The top electrode layer 14, as noted hereinabove, is preferably a transparent body and there are available a number of highly degenerate semiconductors such as indium-tin oxide and the like which may be employed as top electrode layers. The gridline 16 is preferably fabricated from an electrically-conductive ink or paste or it may be a metallic body adhered to the top electrode layer. In some instances, the gridline 16 is placed beneath or embedded within the top electrode layer 14. For this reason, and within the context of the present invention, the gridline 16 is described as being electrically associated with the top electrode layer 14. The layer of encapsulant material 18 protects the components of the photovoltaic cell from the ambient environment and from mechanical damage. The encapsulant layer 18 is preferably fabricated from a material which is highly transparent and inert. Organic polymers comprise the most preferred materials for this layer and ethylene vinyl acetate (EVA) is one particularly preferred material. Cross-linkable ethylene vinyl acetate having particular utility in the present invention is sold by the Du Pont de Nemours, E. I. & Company. Other preferred materials include fluorocarbon polymers, polyurethane, polystyrene, and polyvinyl acetate as well as various silicon compounds. In some instances, a bi-layered structure of fluoropolymer/EVA is employed.
FIG. 1 illustrates the manner in which prior art photovoltaic cells suffered from problems of gridline shading. As will be noted, a photon flux 20 is shown as incident upon the device. Those photons which strike the gridline 16 are absorbed, or in some instances reflected, and hence not available to penetrate the photovoltaic body and generate charge carriers. These photons effectively represent a loss in the efficiency of the cell.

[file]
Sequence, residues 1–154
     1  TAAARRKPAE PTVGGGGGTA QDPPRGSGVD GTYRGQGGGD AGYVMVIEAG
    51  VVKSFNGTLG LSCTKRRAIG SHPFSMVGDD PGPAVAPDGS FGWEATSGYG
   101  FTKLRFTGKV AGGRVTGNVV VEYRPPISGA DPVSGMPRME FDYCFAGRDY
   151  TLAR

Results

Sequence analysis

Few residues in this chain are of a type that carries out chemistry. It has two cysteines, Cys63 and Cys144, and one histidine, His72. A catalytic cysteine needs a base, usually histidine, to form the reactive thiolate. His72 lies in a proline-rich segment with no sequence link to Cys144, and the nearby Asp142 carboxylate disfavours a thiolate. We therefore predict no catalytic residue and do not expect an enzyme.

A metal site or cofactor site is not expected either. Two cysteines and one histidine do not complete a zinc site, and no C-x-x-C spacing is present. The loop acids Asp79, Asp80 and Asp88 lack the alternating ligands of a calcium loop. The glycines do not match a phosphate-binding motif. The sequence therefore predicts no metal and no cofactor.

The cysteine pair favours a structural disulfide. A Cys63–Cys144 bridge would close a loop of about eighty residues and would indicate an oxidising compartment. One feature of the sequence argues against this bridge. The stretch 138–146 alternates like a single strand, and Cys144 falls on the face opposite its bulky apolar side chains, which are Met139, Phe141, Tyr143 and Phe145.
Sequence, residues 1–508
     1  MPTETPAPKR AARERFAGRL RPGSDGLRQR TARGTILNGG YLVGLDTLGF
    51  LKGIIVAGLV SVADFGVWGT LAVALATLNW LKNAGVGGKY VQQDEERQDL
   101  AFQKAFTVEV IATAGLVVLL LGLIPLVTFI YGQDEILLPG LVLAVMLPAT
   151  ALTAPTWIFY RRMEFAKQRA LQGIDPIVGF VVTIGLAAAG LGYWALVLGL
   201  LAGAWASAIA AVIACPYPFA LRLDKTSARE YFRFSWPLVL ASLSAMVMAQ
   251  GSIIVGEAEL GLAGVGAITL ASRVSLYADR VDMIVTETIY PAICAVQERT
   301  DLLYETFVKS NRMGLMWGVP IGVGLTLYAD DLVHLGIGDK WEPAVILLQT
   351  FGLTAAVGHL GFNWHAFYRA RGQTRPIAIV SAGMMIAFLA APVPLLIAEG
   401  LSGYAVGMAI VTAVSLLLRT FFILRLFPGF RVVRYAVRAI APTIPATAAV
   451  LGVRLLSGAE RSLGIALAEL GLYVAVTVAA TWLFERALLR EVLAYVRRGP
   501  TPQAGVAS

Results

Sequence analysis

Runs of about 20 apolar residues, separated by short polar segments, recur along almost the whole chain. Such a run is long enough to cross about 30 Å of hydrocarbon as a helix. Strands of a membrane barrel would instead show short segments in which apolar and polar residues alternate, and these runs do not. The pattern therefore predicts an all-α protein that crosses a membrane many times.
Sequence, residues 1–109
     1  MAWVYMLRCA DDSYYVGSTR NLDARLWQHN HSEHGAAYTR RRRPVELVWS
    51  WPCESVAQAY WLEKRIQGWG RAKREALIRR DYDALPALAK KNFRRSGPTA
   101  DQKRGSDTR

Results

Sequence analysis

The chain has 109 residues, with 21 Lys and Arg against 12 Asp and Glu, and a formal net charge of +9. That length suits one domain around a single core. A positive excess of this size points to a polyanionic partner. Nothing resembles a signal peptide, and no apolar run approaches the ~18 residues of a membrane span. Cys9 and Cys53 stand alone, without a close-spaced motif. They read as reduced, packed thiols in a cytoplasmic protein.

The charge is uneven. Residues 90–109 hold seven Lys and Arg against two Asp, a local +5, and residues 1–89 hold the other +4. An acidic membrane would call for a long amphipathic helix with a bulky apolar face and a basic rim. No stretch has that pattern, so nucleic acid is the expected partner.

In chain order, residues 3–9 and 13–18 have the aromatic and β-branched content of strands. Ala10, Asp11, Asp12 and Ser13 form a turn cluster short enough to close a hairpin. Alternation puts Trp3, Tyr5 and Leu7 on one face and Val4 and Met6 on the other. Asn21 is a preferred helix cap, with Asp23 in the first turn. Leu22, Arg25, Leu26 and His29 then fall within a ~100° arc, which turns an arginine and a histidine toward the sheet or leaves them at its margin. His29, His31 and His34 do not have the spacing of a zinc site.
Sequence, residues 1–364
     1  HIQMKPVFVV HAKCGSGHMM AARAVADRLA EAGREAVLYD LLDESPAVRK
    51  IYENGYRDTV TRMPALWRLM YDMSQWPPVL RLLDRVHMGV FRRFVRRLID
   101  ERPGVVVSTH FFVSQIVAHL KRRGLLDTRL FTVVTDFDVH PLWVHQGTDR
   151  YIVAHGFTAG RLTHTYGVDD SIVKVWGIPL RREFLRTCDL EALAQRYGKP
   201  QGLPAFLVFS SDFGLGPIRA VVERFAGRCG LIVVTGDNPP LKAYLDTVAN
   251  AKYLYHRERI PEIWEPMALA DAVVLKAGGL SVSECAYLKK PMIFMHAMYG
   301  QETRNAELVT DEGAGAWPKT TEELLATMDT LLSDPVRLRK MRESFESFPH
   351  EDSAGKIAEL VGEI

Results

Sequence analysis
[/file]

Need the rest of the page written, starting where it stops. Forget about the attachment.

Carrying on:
Referring now to FIG. 2, there is shown a photovoltaic device generally similar to that of FIG. 1, but including the improvement of the present invention which comprises a transparent encapsulating layer 18' configured to include an integral optical element in a form of a groove disposed in the region of the gridline 16. The particularly configured transparent encapsulant layer 18' operates to diffract incident light 20 away from the gridline 16 and into the photovoltaic body 12. In this manner, shading losses occasioned by the presence of the gridlines 16 are minimized. As a consequence, gridlines may be made wider and hence longer and the cell size may be greatly increased. Since the light-directing optical element of the present invention is provided integral with the transparent encapsulating layer 18', problems attendant upon the alignment and adherence of a separate optical element are eliminated. In accord with the principles of the present invention, the grooved optical element is formed in the layer only after the encapsulation of the photovoltaic cell, and problems occasioned by the misalignment and/or detachment of a separate optical element are eliminated.